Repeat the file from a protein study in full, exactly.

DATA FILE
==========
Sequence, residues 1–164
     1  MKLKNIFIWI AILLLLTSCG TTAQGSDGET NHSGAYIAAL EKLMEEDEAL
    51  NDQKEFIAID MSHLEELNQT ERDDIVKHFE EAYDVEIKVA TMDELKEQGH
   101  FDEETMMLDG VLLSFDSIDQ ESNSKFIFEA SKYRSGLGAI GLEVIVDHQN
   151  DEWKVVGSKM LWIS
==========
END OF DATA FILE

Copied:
Sequence, residues 1–164
     1  MKLKNIFIWI AILLLLTSCG TTAQGSDGET NHSGAYIAAL EKLMEEDEAL
    51  NDQKEFIAID MSHLEELNQT ERDDIVKHFE EAYDVEIKVA TMDELKEQGH
   101  FDEETMMLDG VLLSFDSIDQ ESNSKFIFEA SKYRSGLGAI GLEVIVDHQN
   151  DEWKVVGSKM LWIS